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Artificial neural networks (ANNs) are used today to learn solutions to parallel processing problems that have proved impossible to solve using conventional algorithms. From cloud-basedvoice-driven apps like Apple’s Siri to realtimeknowledge mining apps like IBM’s Watson to gaming apps like Electronic Arts’ SimCity, ANNs are powering voice-recognitionpattern-classification and function-optimization algorithms perfect for acceleration with Intel hyper-threading technology.

“Artificial neural networks and hyper-threading technologies are ideally suited for each other,” says Chuck Desylva, a support engineer for Intel performance primitives. “By functionally decomposing ANN workloads–dividing them among logical processors and employing additional optimization methods–you can achieve significant performance gains.”

Desylva recently tested several widely available open-source ANN algorithms on a Pentium-4 extreme edition to demonstrate how using its dual threads can achieve significant speed-ups. For the forthcoming massively parallelXeon Phi, Desylva predicts even more significant acceleration of ANN algorithms, since Xeon Phi supports four threads for each of its 50+ cores.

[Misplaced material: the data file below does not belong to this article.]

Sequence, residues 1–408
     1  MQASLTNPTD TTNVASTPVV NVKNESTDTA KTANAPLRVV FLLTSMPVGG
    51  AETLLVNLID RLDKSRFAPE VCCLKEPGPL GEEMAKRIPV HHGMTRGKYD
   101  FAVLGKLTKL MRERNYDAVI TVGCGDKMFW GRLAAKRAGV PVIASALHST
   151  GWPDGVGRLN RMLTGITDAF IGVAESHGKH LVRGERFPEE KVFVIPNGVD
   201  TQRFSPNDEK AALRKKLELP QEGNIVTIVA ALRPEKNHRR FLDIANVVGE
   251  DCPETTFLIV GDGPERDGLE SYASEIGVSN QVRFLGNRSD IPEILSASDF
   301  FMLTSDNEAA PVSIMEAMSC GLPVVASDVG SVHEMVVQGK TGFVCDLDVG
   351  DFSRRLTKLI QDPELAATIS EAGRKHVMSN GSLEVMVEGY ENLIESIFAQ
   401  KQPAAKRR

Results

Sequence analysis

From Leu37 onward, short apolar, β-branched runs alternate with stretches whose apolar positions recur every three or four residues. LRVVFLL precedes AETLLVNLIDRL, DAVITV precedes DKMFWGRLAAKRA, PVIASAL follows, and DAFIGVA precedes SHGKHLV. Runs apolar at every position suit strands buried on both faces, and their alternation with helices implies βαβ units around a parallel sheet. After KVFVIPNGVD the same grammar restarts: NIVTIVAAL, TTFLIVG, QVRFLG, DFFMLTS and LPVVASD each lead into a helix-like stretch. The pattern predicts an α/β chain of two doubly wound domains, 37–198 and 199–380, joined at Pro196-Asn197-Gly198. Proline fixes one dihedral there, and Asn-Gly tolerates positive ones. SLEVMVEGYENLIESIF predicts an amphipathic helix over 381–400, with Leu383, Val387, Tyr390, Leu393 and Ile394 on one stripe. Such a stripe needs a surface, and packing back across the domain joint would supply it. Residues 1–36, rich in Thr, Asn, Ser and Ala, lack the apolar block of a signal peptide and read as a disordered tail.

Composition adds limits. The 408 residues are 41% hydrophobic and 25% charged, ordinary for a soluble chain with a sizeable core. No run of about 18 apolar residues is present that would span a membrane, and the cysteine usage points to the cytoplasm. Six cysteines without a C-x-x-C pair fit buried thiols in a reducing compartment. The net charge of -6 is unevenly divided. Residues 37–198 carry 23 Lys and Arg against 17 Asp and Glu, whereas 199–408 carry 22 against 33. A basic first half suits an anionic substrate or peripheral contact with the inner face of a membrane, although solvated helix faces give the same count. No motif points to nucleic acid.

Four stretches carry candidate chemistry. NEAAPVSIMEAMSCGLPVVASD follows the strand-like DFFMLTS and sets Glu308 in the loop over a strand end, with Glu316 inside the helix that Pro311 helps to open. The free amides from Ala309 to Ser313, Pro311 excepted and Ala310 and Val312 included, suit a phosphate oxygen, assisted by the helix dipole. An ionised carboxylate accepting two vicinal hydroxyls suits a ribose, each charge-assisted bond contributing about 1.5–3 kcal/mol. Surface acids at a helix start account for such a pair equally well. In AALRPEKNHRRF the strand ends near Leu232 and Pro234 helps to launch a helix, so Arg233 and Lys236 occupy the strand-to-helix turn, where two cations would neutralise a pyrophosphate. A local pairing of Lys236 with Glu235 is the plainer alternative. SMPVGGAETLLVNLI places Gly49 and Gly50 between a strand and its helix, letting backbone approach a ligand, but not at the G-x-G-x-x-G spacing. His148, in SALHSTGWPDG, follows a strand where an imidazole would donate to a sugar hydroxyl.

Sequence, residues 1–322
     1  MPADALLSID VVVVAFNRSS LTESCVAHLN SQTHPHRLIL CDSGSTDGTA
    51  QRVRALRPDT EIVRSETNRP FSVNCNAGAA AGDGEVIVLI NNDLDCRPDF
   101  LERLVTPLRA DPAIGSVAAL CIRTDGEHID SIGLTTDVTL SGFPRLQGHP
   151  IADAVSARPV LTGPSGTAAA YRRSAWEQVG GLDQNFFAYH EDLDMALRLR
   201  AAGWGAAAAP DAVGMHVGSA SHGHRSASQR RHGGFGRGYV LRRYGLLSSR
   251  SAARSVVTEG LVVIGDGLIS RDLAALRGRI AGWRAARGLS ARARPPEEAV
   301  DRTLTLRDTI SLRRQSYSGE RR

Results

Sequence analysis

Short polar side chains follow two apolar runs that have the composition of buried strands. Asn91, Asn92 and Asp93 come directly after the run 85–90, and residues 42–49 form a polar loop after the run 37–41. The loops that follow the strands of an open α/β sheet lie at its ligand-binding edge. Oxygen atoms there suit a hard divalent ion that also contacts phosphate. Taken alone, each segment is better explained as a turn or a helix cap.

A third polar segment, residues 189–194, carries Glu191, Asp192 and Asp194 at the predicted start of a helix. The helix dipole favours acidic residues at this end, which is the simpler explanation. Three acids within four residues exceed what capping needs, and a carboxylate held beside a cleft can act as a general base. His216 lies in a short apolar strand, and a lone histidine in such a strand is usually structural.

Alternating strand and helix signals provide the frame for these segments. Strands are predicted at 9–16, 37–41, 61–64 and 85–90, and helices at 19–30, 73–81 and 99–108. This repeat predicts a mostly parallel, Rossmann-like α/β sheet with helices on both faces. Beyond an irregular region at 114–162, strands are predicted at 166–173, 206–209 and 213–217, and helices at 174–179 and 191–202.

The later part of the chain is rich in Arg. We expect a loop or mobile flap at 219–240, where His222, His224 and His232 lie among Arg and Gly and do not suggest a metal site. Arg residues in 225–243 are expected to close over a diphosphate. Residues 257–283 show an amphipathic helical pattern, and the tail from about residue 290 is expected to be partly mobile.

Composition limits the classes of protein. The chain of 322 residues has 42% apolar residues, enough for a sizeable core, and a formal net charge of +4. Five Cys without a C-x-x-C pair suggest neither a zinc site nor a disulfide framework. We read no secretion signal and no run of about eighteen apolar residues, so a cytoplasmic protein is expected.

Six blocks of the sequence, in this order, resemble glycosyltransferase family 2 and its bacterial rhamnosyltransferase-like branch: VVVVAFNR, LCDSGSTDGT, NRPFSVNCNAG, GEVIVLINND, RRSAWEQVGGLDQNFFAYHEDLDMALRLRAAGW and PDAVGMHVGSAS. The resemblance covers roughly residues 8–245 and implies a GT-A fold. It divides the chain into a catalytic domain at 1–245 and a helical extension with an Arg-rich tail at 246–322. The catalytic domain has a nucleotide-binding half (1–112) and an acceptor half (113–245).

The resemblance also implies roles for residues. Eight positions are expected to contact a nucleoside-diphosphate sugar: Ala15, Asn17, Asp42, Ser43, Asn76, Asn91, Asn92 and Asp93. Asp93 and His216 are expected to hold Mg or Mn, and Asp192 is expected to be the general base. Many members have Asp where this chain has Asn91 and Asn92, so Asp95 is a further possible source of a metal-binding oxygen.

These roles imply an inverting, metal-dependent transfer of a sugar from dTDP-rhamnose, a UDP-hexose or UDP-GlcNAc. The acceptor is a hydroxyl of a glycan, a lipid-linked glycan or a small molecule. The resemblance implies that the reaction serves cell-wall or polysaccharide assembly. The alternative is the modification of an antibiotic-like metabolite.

“I think that Xeon Phi will be a perfect fit for ANNs,” Desylva believes.

Biological neurons (upper left) are emulated by artificial neural network (ANN) mapping concepts that sum inputs (upper right) then supply an output (bottom) filtered by an activation function. Source: Intel

Biological neurons (upper left) are emulated by artificial neural network (ANN) mapping concepts that sum inputs (upper right) then supply an output (bottom) filtered by an activation function. Source: Intel